How green was my earth? A beginner's guide to the World Summit on Sustainable Development

12 August 2002
What exactly is the WSSD?

The WSSD is the World Summit on Sustainable Development – also known as Johannesburg Summit 2002 – and promises to bring together tens of thousands of participants. The Summit's aim is to focus the world's attention and direct action toward meeting difficult challenges, including improving people's lives and conserving the natural resources in a world that is growing in population, with ever-increasing demands for food, water, shelter, sanitation, energy, health services and economic security.

What led to this?

It all really started with the Earth Summit in Rio de Janeiro back in 1992. Here, the international community adopted Agenda 21, an "unprecedented" global plan of action for sustainable development. Ten years later, the Johannesburg Summit presents an exciting opportunity for today's leaders to adopt concrete steps and identify quantifiable targets for better implementing Agenda 21.

When is it taking place, and where?

The gathering will take place in Johannesburg from Monday, August 26, to Wednesday, September 4, 2002. It will be held in the Sandton Convention Centre, just outside Johannesburg. A non-governmental forum will take place at the nearby Gallagher Estate.

What will all the visitors be talking about?

Broadly speaking (ha-ha), the delegates will hold interlocutions on how the world can achieve a sustainable future. This, of course, could cover just about everything. UN Secretary-General Kofi Annan has, however, earmarked five areas that he thinks deserve special attention: water and sanitation; energy; health; agricultural productivity; and biodiversity and ecosystem management.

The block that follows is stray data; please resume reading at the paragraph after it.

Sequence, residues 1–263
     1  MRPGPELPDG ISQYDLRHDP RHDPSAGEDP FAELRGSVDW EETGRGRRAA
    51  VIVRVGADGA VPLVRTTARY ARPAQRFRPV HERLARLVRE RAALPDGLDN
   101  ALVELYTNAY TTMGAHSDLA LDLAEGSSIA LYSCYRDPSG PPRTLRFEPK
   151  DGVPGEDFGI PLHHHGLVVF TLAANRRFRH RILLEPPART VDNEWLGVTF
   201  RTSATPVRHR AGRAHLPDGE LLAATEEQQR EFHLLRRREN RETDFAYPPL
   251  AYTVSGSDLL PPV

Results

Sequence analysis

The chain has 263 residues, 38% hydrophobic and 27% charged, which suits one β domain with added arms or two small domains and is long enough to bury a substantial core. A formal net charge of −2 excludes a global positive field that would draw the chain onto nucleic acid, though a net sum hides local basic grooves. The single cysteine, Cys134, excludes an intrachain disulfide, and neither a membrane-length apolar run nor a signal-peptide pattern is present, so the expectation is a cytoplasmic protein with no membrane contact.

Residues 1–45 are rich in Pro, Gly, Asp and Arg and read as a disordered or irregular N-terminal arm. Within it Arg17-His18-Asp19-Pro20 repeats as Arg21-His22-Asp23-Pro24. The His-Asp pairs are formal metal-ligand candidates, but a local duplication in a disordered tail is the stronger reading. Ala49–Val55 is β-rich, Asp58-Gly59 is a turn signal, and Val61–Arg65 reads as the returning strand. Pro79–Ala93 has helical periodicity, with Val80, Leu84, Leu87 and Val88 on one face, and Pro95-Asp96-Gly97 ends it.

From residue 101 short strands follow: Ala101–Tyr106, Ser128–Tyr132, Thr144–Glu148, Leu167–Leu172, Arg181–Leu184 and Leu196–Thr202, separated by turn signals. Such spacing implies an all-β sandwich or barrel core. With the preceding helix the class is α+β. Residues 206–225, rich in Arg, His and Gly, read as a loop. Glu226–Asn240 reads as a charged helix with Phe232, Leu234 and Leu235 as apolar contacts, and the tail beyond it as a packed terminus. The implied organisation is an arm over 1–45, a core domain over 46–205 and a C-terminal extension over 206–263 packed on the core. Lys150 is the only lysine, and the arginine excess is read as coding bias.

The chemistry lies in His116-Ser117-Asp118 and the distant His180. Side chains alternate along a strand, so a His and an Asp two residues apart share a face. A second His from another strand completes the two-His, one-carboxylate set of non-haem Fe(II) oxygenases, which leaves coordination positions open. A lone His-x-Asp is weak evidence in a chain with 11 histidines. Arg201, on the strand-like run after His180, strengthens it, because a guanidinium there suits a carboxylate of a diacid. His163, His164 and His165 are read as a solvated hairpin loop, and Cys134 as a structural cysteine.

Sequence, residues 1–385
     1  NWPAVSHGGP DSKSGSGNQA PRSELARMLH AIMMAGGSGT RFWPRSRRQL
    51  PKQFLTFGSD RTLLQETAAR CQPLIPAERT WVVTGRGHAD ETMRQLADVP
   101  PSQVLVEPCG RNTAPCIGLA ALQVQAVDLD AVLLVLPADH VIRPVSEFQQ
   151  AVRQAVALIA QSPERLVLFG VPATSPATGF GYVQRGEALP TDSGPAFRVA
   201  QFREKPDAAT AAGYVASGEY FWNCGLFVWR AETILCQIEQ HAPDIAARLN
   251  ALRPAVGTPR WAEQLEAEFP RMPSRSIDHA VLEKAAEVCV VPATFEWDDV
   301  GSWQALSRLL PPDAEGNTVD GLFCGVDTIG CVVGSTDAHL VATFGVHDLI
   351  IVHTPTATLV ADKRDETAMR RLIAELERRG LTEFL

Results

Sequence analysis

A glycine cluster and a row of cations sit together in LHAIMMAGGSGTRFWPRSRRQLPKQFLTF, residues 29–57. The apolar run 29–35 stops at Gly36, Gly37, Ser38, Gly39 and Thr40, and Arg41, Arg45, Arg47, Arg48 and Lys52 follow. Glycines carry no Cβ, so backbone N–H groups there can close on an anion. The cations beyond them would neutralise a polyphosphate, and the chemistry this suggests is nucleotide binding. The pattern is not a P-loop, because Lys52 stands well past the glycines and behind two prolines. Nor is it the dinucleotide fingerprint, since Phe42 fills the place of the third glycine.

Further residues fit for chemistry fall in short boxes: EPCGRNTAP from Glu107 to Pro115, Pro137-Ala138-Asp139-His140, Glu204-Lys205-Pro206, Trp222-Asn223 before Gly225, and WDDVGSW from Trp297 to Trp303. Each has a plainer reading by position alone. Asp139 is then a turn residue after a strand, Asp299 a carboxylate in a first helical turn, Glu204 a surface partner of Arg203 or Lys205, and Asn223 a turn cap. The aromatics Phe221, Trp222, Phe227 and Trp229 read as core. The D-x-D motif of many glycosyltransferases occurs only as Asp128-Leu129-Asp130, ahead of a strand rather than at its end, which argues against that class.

Will Bridget Bardot be there?

Not quite, but thousands of dignitaries from around the globe who hold the environment near and dear will. In addition to heads of state and government, there will also be a roll call of national delegates and leaders from non-governmental organisations (NGOs) and business and industry, as well as children and youth, farmers, indigenous people, local authorities, the scientific and technological communities, women and workers and trade unions. A number of UCT students and faculty will also brave the multitudes to attend the meeting.

Who is organising it?

The Tenth Session of the UN Commission on Sustainable Development (known as CSD10) is acting as the Preparatory Committee for the Summit. In gearing up for the event, the CSD10 met in New Work in April/May last year, and again in January/February and March/April this year. They also got together in Bali in Indonesia over May/June.

Why South Africa?

Although South Africa was not officially represented at the Rio Summit, the changes in the country over the past decade convinced the UN that it would serve as a suitable host for the meeting. A leading member of the G77, South Africa was also at the forefront of the Commission on Sustainable Development (CSD) negotiations. The G77 also championed the idea that the Summit be hosted in a developing country, and South Africa beat out contenders from Latin America, Africa and Asia for the right to stage the event (in what has been described as an "intensive, protracted and labyrinthine diplomatic effort").

I've heard of some side and parallel events – what are these?

Too many to mention here, but some of the discussions lined up will focus on Water for African Cities and the Launch of Women's Action Agenda for a Health and Peaceful Planet 2015. There will also be gatherings of the Civil Society Global Forum, the Forum on Science, Technology and Innovation for Sustainable Development and the Indigenous Peoples' International Summit on Sustainable Development, among many, many others.

But won't they make a mess?

Even though it will be the biggest international gathering ever held in Africa, the Johannesburg Summit will leave the host city, Johannesburg, cleaner and greener, organisers promise. The Greening the WSSD Initiative will ensure that the Summit is organised along environmental "best practice" lines and that the thousands of delegates expected to descend on Johannesburg generate minimal waste. (See for more information.)

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